Samuel J. Thrasher


Born in Hawkins County in Unionist East Tennessee in 1839, Samuel J. Thrasher travelled to Louisville, Kentucky to enlist with the 6th Regiment Kentucky Cavalry Volunteers in 1863. After two years, he was captured and briefly imprisoned in Marion, Alabama, before being paroled. On April 25, 1865, from Vicksburg, Mississippi, Thrasher headed up the Mississippi River on the S. S. Sultana. At Memphis, the ship unloaded freight and took on more passengers—2,300 passengers total, far more than its legal capacity of 376. Heavy rainfall had flooded the Mississippi River, rendering it far wider than usual. On April 27, the Sultana was roughly ten miles north of Memphis when its boilers exploded at 2 a.m. Widespread fire followed the initial blast and wave of debris shrapnel. Those surviving the initial explosion swarmed the already over-crowded decks seeking to abandon ship. Thrasher, who could not swim, was forced to remain with the burning hull as long as possible. He clung to a short rope to keep from being pushed overboard in the panic. When the crowd thinned, Thrasher and a few passengers threw lifelines into the river, pulled several men out of the water, and worked to put part of the fire out. The burning vessel drifted slowly down the swollen Mississippi. Many of the men who abandoned ship swam for miles before clinging to trees. Others tired in their efforts and drowned. Others drowned in desperate fights for bits of driftwood, panic bringing their untimely ends. Thrasher and a few others, however, stayed on the burning ship and made a raft out of some of the dislodged timbers. As the ship passed through a grove of small trees, they threw out a line and tied it to a tree, lodging the ship for a time. Thrasher’s group went ashore on their raft and waited for a boat to take them back to Memphis. Estimates have put the death toll as high as 1,800, more than was lost in the sinking of the Titanic, and the Sultana explosion is known as the worst American maritime disaster.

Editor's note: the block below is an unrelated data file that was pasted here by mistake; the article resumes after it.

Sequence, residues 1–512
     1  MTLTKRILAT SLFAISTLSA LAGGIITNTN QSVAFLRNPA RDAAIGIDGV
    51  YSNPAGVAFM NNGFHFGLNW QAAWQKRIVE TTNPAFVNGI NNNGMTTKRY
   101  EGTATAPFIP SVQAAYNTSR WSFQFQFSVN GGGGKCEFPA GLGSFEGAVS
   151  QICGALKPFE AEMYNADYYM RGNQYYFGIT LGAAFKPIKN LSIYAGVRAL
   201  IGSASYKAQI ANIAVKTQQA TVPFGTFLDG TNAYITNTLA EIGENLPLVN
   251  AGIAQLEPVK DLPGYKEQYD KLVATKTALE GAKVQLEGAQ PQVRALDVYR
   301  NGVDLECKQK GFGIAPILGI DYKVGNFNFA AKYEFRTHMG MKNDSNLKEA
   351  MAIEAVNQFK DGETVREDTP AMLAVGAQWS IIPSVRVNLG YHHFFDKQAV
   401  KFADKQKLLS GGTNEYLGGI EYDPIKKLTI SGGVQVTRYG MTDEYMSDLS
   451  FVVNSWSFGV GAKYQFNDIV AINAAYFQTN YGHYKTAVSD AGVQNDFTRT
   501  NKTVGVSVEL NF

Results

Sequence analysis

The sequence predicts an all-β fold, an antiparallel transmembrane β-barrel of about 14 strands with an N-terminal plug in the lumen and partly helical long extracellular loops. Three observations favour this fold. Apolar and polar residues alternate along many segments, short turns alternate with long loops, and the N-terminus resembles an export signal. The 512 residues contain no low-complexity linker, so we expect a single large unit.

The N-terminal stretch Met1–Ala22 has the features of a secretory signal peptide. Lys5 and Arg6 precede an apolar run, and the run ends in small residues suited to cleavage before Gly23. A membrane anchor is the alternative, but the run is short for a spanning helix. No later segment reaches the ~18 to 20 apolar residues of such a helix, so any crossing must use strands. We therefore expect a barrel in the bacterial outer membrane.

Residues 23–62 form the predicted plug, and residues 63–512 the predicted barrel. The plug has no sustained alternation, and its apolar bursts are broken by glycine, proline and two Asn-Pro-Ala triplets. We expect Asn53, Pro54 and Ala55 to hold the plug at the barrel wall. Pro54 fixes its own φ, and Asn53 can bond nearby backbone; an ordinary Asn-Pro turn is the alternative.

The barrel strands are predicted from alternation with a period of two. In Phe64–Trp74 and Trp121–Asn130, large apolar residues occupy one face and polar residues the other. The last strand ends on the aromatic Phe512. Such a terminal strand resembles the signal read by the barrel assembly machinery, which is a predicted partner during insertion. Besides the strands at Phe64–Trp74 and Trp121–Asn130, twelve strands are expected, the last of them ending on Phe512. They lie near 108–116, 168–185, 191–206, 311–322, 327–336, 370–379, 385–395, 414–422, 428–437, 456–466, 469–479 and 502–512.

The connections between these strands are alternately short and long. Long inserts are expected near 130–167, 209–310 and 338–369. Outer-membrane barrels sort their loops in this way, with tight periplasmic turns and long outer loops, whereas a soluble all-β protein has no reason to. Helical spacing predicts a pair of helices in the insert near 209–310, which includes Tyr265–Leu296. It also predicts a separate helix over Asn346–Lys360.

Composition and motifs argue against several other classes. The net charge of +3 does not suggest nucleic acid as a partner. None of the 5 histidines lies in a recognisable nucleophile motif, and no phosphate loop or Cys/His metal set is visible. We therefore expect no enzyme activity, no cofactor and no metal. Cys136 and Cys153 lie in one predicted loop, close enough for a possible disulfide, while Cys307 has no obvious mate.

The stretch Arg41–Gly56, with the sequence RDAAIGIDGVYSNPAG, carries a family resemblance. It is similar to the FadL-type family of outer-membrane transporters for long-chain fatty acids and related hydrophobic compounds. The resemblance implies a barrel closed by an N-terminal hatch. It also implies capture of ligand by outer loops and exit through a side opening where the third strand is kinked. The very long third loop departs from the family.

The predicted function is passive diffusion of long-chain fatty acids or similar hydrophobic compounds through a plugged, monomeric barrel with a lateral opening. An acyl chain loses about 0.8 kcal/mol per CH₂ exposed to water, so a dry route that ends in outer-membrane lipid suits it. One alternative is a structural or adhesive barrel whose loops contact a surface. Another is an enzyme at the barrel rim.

• Released from Confederate prison camp, boarded the Sultana at Vicksburg, MS for return home
  • Stayed aboard the burning ship, pulled survivors from water
  • Survived on a raft until rescuers arrived